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Abstract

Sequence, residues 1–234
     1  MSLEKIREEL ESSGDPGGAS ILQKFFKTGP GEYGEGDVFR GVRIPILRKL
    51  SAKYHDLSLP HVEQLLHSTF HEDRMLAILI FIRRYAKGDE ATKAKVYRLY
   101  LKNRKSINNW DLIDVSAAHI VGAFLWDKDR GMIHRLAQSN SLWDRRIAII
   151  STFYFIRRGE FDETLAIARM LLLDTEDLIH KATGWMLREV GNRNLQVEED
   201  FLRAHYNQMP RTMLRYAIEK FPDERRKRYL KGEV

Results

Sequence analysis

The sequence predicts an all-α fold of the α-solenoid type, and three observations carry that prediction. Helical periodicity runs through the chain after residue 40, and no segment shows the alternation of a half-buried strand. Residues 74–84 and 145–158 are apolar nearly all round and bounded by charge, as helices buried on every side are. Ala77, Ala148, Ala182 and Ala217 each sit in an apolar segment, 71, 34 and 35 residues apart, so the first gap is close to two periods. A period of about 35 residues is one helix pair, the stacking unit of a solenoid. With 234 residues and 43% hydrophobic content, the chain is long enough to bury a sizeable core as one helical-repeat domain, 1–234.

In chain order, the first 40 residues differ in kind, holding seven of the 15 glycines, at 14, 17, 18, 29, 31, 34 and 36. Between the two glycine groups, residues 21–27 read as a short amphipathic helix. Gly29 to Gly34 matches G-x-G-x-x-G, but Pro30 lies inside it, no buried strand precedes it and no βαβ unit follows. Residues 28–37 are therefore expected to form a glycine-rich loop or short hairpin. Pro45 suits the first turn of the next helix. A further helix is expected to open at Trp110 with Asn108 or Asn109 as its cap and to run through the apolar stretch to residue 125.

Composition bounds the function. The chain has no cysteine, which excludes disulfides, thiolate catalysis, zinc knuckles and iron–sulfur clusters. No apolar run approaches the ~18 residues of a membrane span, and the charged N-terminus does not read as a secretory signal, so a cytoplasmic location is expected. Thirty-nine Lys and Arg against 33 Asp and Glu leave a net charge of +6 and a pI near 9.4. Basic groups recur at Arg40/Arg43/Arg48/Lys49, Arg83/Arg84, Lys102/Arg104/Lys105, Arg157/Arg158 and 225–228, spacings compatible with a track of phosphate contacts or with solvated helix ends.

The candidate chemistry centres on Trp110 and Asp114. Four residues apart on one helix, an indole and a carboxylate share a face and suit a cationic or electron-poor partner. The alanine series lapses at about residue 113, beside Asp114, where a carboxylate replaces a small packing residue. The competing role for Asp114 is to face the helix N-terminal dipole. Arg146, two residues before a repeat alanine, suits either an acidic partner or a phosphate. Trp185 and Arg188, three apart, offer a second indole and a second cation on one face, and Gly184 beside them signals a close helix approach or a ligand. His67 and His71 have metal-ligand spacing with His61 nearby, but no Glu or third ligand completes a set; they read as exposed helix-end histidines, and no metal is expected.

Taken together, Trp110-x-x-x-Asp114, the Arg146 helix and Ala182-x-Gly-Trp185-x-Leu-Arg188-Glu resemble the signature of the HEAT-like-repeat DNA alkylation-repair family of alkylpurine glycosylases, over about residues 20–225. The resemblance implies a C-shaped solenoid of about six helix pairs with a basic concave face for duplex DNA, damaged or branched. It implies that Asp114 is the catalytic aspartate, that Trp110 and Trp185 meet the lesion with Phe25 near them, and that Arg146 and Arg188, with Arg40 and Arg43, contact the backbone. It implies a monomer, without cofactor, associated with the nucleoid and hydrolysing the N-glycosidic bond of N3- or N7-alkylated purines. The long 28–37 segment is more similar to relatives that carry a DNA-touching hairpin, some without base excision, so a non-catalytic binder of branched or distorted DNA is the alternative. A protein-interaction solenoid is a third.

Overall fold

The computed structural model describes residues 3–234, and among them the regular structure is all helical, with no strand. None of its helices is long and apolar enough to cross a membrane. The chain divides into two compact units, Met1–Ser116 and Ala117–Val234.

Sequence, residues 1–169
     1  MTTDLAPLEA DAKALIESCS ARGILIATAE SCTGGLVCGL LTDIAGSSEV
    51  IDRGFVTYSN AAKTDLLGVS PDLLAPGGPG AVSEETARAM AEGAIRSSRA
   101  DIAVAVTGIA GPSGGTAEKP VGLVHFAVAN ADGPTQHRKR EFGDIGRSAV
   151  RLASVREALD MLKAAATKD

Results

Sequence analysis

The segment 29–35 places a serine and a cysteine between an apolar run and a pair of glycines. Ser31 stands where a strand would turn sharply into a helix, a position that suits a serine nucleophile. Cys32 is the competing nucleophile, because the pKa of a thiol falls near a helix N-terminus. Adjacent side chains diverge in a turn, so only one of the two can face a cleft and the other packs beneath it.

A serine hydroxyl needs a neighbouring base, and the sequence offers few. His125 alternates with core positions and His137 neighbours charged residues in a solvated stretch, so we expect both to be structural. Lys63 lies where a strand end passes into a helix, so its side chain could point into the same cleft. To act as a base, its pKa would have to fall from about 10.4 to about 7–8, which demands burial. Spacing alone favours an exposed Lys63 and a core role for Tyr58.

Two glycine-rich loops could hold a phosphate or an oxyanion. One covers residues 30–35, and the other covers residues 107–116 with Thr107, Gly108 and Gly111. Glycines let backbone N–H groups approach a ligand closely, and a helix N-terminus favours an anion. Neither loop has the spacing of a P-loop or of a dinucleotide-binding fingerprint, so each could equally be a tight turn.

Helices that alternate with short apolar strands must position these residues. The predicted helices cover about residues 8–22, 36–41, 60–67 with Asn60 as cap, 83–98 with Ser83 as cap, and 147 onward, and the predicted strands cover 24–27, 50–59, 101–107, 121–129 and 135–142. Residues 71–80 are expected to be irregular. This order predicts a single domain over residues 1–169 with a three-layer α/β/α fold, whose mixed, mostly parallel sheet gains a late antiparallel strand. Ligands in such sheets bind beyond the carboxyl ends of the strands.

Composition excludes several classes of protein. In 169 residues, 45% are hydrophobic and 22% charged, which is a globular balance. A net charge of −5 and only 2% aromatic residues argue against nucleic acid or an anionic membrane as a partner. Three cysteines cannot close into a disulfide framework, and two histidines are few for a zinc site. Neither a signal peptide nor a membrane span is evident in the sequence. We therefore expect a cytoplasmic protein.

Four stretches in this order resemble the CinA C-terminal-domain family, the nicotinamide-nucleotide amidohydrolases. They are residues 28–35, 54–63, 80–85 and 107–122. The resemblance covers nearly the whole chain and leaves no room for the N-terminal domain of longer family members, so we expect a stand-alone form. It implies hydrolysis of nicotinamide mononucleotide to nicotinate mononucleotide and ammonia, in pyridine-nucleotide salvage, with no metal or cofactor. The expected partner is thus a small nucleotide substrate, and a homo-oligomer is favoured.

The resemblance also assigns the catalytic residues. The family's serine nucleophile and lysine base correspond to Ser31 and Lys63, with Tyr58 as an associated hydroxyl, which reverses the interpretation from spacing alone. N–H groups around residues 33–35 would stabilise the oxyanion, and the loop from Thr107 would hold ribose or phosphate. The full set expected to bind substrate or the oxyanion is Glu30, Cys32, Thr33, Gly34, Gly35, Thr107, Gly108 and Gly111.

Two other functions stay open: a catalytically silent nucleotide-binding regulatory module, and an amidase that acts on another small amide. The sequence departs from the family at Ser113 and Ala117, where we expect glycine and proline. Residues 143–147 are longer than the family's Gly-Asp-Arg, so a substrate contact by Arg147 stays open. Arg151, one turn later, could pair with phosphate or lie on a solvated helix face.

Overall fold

In flies (Diptera), lineage-specific new genes (orphan genes), such as bicoid in the fruit fly Drosophila melanogaster and panish in the midge Chironomus riparius, have been found to establish head-to-tail polarity of the embryo. However, the embryonic axis determinants of most fly species have not been identified. In this study, I show that embryonic axis determinants of distantly related fly species have frequently evolved from old genes through the use of alternative transcription start or termination sites. In moth flies (Psychodidae), including the drain fly Clogmia albipunctata and the sand fly Lutzomyia longipalpis, a maternal transcript isoform of odd-paired (Zic) generated by alternative transcription initiation is localized in the anterior pole of freshly laid eggs, and is necessary and sufficient for anterior development of the Clogmia embryo. In the Southern house mosquito Culex quinquefasciatus (Culicidae), a maternal transcript isoform of a previously uncharacterized gene, named cucoid, is generated by alternative transcription termination (alternative polyadenylation), localized in the anterior pole of the egg, and necessary for establishing embryo polarity. This function of cucoid is also conserved in the yellow fever mosquito Aedes aegypti (Culicidae), suggesting a conserved role of this gene in axis specification in culicine mosquitoes. In the malaria mosquito Anopheles gambiae (Culicidae), a maternal transcript isoform of pangolin generated by alternative polyadenylation functions as the axis determinant. I also found localized maternal pangolin transcripts in the anterior eggs of Nephrotoma suturalis, a basal-branching crane fly (Tipulidae), suggesting that pangolin functioned as ancestral axis determinant in flies. This also suggests that panish, the pangolin-related orphan axis determinant gene of Chironomus, inherited its function from pangolin. Finally, I provide preliminary evidence for a diverged axis specification mechanism in the black soldier fly Hermetia illucens (Stratiomyidae), which is closely related to species with bicoid. I found that, unlike in other flies, numerous maternal mRNAs of conserved genes are localized in the anterior pole of the Hermetia egg. Together, I conclude that alternative transcription played an important role in the evolution of new developmental gene functions and gene regulatory networks in fly embryos. Given that alternative transcription is a widespread phenomenon and can underlie the evolution of entirely new gene functions, it may play a much more important role in animal evolution than previously thought.

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